by Ilia Delio

In this blog Ilia Delio expands on Diarmuid O’Murchu’s recent Omega Center contributions on incarnation, and offers her thoughts on the “hidden depth to matter.” (See also Diarmuid O’Murchu’s blog on INCARNATION AS EMBODIMENT OF SPIRIT, and audio interview EXPANDING OUR VIEW OF INCARNATION.)

Gazing at the moon

 

Diarmuid O’Murchu has written a very accessible book on incarnation and evolution that awakens us to the vitality of change and newness (Incarnation: A New Evolutionary Threshold). Each chapter begins with an inspirational quote that encapsulates the main ideas of the chapter.  I was struck by a quote at the beginning of Chapter Five that states:  “The trouble with some of us is that we have been inoculated with small doses of Christianity which keep us from catching the real thing.”  What is the “real thing” of Christianity?  Diarmuid has said time and again that Christianity is not a static, fixed, disembodied religion. Evolution releases Christianity from the grip of Greek metaphysics.  The Christian position overturns the Greek ideal:  God is not opposed to matter because God has entered into matter.  We still cannot get our heads around the fact that matter matters to God, which means the body matters to God, sex matters to God, body-piercing matters to God, transgendering matters to God—essentially—anything we do to matter matters to God.  This is the core of the doctrine of the Incarnation in which God and material reality are fully united without change, division, separation, or confusion.  The doctrine, formulated at Chalcedon in 451 AD, was an astute way of saying that God does not become matter (pantheism) but God is united with matter (panentheism). God is one with matter so that matter is more than mere materiality; matter bears the depth and breadth of God within it without absorbing God or collapsing God into it.  In fact, it is precisely because God is a personally communicative God [which we name as Trinity] that God can become something other than God.  This is the paradoxical mystery of the incarnation and if you try to figure it out logically you will fail miserably.  One must stand within the tension of the paradox by being at home in the mystery.  And by this I mean that one must simply stand still for a moment and gaze on the rich variety of life in wonder and awe.  There is a hidden depth to matter, an elusive breadth undergirding the material world which we call spirit.  Spirit, Diarmuid tells, is another name for evolution; it is the energy of newness and openness that empowers the material world to move forward in oneness, truth, and beauty.  This spirit-breathing-life is God’s presence in matter.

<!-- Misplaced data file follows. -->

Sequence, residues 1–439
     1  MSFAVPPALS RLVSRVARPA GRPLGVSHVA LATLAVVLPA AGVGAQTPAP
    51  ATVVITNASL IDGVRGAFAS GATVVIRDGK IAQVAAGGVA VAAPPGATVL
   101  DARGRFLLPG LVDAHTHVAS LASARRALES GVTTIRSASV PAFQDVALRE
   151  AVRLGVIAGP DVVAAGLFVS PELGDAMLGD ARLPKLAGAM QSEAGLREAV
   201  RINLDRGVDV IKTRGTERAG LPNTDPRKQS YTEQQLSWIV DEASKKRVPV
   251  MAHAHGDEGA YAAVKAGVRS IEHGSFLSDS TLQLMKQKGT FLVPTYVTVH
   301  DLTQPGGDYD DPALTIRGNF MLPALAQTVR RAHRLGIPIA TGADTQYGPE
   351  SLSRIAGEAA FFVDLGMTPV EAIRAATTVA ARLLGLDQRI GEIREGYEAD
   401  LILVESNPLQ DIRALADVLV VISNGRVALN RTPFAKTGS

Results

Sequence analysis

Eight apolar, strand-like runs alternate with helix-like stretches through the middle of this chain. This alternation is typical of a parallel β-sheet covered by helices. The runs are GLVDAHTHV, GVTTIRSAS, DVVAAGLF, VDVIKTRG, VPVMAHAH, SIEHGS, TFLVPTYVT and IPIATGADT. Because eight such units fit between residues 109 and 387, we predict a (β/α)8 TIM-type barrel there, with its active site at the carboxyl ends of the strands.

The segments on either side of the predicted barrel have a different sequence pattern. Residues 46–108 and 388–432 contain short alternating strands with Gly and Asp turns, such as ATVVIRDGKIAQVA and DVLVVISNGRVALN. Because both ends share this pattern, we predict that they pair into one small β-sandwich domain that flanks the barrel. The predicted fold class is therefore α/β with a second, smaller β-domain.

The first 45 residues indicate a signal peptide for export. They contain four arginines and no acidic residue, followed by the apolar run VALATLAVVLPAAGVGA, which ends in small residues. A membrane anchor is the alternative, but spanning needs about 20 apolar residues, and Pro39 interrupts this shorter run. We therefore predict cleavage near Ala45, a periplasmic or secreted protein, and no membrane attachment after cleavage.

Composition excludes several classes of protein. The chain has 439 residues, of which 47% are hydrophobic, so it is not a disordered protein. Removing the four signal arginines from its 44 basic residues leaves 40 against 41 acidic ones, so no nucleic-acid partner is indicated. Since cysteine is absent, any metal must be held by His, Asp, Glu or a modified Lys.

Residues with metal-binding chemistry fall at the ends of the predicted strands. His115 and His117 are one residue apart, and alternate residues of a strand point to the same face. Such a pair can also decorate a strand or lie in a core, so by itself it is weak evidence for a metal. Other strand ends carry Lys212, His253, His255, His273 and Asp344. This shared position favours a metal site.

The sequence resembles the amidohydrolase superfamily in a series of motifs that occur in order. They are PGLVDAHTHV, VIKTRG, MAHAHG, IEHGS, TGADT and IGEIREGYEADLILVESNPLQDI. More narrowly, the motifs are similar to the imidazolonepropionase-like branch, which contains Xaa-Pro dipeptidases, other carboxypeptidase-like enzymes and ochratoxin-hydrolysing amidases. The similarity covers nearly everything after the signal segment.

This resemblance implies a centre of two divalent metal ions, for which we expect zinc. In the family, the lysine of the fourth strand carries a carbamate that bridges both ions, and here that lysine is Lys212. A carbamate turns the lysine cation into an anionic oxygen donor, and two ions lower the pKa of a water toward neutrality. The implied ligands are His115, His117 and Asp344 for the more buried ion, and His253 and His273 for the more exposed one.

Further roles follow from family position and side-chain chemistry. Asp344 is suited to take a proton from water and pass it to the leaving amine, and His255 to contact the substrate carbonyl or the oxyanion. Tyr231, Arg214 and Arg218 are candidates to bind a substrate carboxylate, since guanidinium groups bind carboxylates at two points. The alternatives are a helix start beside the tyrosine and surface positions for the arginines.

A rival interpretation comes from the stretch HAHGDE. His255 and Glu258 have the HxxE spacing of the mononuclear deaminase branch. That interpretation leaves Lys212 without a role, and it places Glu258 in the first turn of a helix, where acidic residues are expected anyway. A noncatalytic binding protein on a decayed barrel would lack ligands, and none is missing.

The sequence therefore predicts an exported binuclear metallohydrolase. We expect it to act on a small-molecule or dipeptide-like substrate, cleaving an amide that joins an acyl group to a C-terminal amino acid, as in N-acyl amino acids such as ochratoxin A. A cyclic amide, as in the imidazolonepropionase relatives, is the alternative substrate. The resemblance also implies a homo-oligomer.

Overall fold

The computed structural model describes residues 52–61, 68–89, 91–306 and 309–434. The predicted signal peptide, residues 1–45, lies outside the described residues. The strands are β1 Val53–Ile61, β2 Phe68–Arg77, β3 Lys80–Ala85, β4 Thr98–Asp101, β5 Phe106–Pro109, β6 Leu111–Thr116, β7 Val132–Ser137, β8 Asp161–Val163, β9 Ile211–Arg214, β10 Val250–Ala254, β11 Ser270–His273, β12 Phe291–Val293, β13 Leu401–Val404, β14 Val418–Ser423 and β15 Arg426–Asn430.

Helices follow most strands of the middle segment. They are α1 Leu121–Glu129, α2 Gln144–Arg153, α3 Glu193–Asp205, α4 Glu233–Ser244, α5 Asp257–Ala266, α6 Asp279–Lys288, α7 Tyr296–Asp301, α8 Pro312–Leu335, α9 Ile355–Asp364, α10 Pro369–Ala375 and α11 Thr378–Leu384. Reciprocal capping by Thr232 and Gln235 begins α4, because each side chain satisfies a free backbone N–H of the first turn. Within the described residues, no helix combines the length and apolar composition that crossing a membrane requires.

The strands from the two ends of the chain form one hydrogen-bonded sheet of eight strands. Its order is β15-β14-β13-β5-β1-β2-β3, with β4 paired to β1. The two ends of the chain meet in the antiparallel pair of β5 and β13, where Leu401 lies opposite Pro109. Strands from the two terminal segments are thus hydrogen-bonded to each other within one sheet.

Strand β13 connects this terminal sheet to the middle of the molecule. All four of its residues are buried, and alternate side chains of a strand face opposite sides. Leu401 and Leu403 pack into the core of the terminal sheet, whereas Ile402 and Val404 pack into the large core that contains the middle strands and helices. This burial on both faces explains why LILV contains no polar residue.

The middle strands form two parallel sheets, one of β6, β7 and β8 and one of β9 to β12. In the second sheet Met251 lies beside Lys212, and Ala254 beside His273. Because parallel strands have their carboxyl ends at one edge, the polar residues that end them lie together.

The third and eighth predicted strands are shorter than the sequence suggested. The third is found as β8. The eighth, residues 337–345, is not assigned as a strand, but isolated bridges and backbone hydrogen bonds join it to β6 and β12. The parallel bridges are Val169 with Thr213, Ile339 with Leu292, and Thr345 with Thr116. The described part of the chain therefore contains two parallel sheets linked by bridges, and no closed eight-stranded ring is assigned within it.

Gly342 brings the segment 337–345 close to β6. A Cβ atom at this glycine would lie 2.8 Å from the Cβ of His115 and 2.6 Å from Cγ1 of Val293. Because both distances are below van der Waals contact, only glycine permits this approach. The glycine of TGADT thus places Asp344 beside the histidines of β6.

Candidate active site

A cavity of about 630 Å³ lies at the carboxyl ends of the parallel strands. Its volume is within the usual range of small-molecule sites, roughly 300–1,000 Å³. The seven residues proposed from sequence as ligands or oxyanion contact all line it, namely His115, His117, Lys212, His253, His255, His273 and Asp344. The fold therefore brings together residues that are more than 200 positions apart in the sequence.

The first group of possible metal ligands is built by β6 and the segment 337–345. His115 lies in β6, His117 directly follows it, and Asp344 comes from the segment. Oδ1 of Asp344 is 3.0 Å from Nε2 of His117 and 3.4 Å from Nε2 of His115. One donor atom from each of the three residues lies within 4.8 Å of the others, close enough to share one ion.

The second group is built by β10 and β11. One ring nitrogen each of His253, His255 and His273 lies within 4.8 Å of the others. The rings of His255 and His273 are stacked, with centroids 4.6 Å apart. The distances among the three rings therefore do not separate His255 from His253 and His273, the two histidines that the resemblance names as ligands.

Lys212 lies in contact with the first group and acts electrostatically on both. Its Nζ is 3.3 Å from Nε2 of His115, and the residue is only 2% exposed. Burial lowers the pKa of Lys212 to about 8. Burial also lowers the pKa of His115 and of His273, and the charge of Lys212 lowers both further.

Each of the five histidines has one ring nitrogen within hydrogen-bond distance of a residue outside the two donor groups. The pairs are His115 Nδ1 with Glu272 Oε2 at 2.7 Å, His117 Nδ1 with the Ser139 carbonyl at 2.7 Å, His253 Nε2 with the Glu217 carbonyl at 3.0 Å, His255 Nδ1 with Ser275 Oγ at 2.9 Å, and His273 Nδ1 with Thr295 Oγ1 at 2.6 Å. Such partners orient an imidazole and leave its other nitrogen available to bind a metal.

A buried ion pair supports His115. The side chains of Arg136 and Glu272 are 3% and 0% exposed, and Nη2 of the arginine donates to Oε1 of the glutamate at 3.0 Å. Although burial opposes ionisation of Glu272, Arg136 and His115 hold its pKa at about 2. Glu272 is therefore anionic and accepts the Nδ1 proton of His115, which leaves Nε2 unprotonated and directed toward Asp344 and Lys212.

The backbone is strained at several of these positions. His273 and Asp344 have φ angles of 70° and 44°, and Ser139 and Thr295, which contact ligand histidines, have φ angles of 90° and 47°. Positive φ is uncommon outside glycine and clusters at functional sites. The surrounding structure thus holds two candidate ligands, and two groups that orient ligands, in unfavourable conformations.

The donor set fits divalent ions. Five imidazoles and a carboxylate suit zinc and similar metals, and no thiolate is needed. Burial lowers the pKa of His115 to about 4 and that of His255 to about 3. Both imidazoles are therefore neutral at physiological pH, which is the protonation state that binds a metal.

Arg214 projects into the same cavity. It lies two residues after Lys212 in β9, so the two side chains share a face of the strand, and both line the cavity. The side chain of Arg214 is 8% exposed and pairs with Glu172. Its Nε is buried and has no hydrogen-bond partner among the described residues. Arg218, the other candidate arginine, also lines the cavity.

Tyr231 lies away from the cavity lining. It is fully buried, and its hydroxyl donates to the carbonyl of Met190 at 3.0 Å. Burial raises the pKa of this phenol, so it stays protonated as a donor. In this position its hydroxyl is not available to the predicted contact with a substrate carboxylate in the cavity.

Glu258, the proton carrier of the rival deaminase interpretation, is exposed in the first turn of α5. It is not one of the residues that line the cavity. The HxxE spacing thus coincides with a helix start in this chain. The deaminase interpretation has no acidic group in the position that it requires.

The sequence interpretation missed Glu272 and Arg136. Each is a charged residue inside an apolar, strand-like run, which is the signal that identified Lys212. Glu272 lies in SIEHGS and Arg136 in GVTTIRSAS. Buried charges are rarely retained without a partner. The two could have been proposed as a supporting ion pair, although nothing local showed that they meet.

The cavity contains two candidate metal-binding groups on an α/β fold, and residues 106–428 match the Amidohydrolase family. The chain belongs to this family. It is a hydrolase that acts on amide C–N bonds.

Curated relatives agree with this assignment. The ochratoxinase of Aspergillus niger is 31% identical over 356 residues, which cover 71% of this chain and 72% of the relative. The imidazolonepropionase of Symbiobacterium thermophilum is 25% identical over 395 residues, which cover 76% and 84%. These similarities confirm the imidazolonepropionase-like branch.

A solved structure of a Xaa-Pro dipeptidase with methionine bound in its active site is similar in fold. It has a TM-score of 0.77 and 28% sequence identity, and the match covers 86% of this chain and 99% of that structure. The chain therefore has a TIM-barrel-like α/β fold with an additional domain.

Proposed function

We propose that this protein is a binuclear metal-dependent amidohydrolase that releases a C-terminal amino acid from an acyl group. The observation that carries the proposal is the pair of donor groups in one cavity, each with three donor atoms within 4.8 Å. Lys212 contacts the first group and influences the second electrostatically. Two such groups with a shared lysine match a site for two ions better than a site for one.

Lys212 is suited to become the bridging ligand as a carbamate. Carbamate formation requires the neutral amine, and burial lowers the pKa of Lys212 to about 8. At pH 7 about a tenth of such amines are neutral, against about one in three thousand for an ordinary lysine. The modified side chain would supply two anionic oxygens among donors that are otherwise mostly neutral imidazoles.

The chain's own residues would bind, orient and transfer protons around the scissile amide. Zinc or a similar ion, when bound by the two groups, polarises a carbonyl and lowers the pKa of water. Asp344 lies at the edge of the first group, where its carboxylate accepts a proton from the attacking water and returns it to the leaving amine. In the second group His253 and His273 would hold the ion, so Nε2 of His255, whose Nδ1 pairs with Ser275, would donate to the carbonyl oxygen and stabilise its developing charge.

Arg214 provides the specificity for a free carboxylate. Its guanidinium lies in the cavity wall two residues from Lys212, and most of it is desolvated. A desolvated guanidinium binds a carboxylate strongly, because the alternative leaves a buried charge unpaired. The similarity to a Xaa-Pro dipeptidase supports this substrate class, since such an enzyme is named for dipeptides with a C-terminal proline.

…one must simply stand still for a moment and gaze on the rich variety of life in wonder and awe. 


Teilhard de Chardin once asked:  “Who will give evolution its own God?” We have yet to fully address this question because we dread giving up our static, fixed God.  But Diarmuid enters into this question.  God is spirit and God’s spirit is breathing new life in and through matter.  While this may not sit well with atheists or strict materialists we must face the fact that science can tell us a lot of things about carbon bonds or quarks and energy but it cannot tell us why nature bears an openness to change.  There is no adequate scientific reason to explain novelty in nature.  Nature is entangled in mystery and the more scientists try to unravel the mystery the deeper they find themselves in mystery.  For the nature of nature is not another nature but something other than nature, which we name as God.   God, at the heart of nature, is the dynamic impulse of evolution.

Alfred Whitehead once noted that if God is creator and creation is evolution, then God cannot be an exception to evolution’s principles but must be its chief exemplar.  Hence if evolution is marked by openness, change, novelty, and becoming then so too is God.  Our God is an open God, a changing God, a novel God, a God who is becoming in and through cosmic life. This is the core meaning of incarnation; it is the story of Christmas. And, I think, this is what Diarmuid is getting at.  We cannot stay in an anxiety-ridden, fear-driven world; we are material beings and in and through us God is doing new things.